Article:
8. M. C. McCarthy, J. C. Bloch, and R. W. Field, "Frequency-modulation enhanced magnetic rotation spectroscopy: a sensitive and selective absorption scheme for paramagnetic molecules," J. Chem. Phys. 100, 6331–6346 (1994).
    [CrossRef]
  9. W. B. Grant, R. H. Kagmin, and W. A. McClenny, "Optical remote measurement of toxic gases," J. Air Waste Manage. Assoc. 42, 18–29 (1992).
    [CrossRef] [PubMed]
  10. S. M. Khan, ed., in Proceedings of the First International Symposium on Explosive Detection Technology (Federal Aviation Administration Technical Center, Atlantic City, N.J., 1992).
  11. X. Zhao, E. J. Hintsa, and Y. T. Lee, "Infrared multiphoton of RDX in a molecular beam," J. Chem. Phys. 88, 801–810 (1988).
    [CrossRef]
  12. C. G. Stevens and R. N. Zare, "Rotational analysis of the 5933 Å band of NO2," J. Mol. Spectrosc. 56, 167–187 (1975).
    [CrossRef]
  13. R. E. Smalley, L. Wharton, and D. H. Levy, "The fluorescence excitation spectrum of rotationally cooled NO2," J. Chem. Phys. 63, 4977–4989 (1975).
    [CrossRef]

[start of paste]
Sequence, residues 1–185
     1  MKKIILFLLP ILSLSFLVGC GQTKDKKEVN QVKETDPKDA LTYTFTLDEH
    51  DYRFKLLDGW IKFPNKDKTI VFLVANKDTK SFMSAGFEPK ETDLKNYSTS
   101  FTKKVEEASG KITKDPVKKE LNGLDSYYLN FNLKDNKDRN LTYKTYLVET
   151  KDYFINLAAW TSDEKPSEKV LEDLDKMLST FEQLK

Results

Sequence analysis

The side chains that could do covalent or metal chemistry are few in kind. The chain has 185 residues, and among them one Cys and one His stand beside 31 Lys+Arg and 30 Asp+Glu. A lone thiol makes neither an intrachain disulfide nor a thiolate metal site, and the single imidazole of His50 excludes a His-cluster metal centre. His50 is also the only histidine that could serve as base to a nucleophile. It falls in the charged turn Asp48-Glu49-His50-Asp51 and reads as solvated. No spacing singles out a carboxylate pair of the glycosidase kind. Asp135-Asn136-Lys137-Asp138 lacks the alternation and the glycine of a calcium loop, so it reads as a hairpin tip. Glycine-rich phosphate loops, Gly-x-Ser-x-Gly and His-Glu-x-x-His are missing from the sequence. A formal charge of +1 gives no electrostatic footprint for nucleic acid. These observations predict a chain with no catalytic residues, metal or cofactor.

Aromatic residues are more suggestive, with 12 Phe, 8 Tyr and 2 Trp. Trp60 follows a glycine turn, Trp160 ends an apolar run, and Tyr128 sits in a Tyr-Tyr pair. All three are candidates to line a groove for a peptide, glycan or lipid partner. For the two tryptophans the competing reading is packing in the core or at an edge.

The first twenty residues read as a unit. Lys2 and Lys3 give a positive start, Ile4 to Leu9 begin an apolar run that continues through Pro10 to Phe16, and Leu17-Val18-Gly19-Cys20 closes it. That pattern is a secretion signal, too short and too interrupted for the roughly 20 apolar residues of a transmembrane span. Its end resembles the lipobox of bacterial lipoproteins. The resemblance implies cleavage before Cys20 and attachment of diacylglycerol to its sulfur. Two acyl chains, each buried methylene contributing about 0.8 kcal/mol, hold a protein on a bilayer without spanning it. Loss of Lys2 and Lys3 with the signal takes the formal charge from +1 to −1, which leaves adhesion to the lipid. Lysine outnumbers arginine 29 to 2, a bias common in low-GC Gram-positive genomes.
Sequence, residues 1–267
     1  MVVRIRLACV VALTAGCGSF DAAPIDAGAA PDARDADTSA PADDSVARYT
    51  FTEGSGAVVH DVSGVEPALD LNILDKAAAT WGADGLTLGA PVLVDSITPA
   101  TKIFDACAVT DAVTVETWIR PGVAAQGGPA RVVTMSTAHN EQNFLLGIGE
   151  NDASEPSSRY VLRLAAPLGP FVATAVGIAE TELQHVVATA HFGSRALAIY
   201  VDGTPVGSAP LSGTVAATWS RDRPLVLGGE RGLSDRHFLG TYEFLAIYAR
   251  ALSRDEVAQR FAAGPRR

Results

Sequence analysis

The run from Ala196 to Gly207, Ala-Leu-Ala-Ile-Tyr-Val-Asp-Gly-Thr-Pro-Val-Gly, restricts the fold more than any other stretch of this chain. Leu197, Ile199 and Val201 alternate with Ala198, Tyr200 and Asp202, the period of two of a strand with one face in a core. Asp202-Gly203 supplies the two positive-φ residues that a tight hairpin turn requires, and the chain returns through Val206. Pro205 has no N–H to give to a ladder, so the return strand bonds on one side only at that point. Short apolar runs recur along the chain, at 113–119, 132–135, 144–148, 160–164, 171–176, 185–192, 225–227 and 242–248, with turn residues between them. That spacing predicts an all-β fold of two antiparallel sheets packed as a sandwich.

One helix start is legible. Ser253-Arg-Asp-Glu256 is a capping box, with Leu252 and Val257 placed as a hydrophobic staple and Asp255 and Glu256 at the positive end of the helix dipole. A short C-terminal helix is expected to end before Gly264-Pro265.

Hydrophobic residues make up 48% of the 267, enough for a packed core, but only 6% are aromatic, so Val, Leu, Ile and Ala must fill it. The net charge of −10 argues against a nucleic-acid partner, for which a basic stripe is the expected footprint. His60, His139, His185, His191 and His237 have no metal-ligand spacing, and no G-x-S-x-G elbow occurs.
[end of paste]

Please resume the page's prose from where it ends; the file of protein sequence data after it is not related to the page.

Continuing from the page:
14. T. Tanaka, R. W. Field, and D. O. Harris, "Microwave optical double resonance and continuous wave dye laser excitation spectra of NO2: rotational assignment of the K = 0–4 subbands of the 593 nm band," J. Mol. Spectrosc. 56, 188–199 (1975).
    [CrossRef]
  15. G. Liftin, C. R. Pollock, R. F. Curl, Jr., and F. K. Tittel, "Sensitivity enhancement of laser absorption spectroscopy by magnetic rotation effect," J. Chem. Phys. 72, 6602–6605 (1980).
    [CrossRef]
  16. The shot-noise limit (50 mW, modulation depth = 0.83, 1 Hz) is 1.7 × 10−7 fractional absorbance. Typical FM spectroscopies achieve only of the order of 1 × 10−5 because of accidental étalons and residual amplitude modulation. The crossed-polarizer scheme of FM-MRS suppresses this excess noise by a factor (relative to the signal) of 1/θuuncrossing = 20.
  17. The signal strengths of FM, MRS, and FM-MRS are expected to be comparable (see Ref. 8). We allow a signal-reduction factor of 0.1 because neither ωrf nor the magnetic field was optimized.
  18. D. L. Massart, B. G. M. Vandeginste, S. N. Deming, Y. Michotte, and L. Kaufman, Chemometrics: A Textbook. Data Handling in Science and Technology, B. G. M. Vandeginste and L. Kaufman, eds. (Elsevier, Amsterdam, 1988), Vol. 2; M. A. Sharaf, D. L. Illman, B. R. Kowalski, Chemometrics. Monographs on Chemical Analysis, Monograph 82, P. J. Elving and J. D. Winefordner, eds. (Wiley, New York, 1986).
  19. S. C. Bloch, SSP: The Spreadsheet Signal Processor (Prentice-Hall, Englewood Cliffs, N.J., 1992), and references therein.